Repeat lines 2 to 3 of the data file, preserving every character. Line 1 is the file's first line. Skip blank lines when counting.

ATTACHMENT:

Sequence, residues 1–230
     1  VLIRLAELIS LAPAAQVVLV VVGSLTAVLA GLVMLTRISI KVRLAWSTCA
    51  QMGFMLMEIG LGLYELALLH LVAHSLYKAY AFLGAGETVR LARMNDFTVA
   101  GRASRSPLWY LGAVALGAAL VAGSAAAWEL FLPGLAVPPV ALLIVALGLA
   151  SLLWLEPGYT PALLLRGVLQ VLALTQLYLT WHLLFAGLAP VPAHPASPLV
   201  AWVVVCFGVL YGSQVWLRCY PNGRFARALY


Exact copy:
     1  VLIRLAELIS LAPAAQVVLV VVGSLTAVLA GLVMLTRISI KVRLAWSTCA
    51  QMGFMLMEIG LGLYELALLH LVAHSLYKAY AFLGAGETVR LARMNDFTVA